- Create a class that will manually validate a ticket that it is passed, return the forms authentication cookie name that is in use, and return the logon URL (all so that the code can be self-contained with minimum administration required):
////////////// start sample code //////////////
//this method validates a ticket passed from ASP
public bool IsAuthenticated(string rawCookieData)
if(rawCookieData.Trim().Length <= 0)
decryptedTicket = FormsAuthentication.Decrypt(rawCookieData);
//log reason for failure or whatever here if you like
// Optionally you could change the method signature to return
// the decrypted ticket and then, you can call RenewTicketIfOld
// and then implement code on the ASP side to update the cookie
// with the newed ticket. This would only be necessary if the
// ticket has a timeout set (this resets the timeout)
// see the MSDN docs on FormsAuthentication.RenewTicketIfOld.
// method merely returns the name of the cookie being used
public string GetCookieName()
// method returns the login url used in the redirect
// this is trickier since there is no FormsAuth utility function available to
return this so we have to manually look at web.config
private string GetLoginURL()
string sConfigPath = Server.MapPath(Request.ApplicationPath) + "\\web.config";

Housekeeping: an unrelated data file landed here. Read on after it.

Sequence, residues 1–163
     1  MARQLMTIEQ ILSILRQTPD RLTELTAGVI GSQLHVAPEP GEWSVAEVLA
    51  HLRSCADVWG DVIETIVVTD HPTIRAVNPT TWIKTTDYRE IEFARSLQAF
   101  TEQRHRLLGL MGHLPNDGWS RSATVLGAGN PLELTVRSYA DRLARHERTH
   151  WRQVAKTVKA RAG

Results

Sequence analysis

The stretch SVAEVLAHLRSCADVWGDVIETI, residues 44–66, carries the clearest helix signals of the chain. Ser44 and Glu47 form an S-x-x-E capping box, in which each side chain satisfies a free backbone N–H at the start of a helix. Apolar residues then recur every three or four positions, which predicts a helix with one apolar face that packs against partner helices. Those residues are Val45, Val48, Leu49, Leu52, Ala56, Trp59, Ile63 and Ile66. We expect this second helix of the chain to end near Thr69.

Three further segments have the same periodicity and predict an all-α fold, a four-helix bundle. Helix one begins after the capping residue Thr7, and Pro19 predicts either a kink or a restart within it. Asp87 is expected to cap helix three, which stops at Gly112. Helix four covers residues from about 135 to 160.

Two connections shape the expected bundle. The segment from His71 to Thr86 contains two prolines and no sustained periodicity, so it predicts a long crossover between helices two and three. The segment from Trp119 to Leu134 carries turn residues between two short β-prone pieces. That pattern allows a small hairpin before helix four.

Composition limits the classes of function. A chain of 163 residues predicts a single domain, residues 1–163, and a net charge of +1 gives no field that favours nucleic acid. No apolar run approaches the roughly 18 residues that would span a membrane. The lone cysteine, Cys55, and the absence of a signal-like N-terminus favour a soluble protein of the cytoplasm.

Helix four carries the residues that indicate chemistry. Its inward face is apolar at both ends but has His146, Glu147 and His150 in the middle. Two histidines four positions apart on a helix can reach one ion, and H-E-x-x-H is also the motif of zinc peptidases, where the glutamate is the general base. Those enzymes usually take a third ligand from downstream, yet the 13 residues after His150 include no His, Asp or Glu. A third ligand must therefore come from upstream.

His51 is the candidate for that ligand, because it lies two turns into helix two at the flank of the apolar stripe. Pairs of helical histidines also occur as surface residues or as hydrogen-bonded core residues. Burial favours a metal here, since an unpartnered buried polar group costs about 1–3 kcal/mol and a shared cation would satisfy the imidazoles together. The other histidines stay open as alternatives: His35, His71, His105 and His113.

XmlDocument doc = new XmlDocument();
XmlNode xmlNodeForms =
throw new System.Exception("error in GetLoginURL()");
////////////// end sample //////////////
- Create another .NET wrapper class that calls this Web service (or create and compile a webproxy class).
- Use Regasm.exe and Gacutil.exe to make this "wrapper" class callable from ASP via ComInterop.
- The ASP code would look something like this:
Set oAuthClass = Server.CreateObject("ASPNETFormsAuth.WrapperClass")
If Not oAuthClass.IsAuthenticated(Request.Cookies(oAuthClass.GetCookieName)) Then
oAuthClass.GetLoginURL & "?RetrunURL=" & Requset.ServerVariables("URL"))
Passport-based authenticationPass-port based authentication is a centralized authentication service provided by Microsoft that offers a single logon and core profile services for member sites. For more information, see the following Microsoft Web site:Back to the top
Windows-based authenticationASP.NET uses Windows authentication in conjunction with Microsoft Internet Information Services (IIS) authentication. Authentication is performed by IIS in one of three ways: basic, digest, or integrated Windows authentication. When IIS authentication is complete, ASP.NET uses the authenticated identity to authorize access. For more information, see the following resources:
AuthorizationThe purpose of authorization is to determine whether an identity should be granted the type of access that is requested by a resource. There are two fundamental ways to authorize access to a given resource: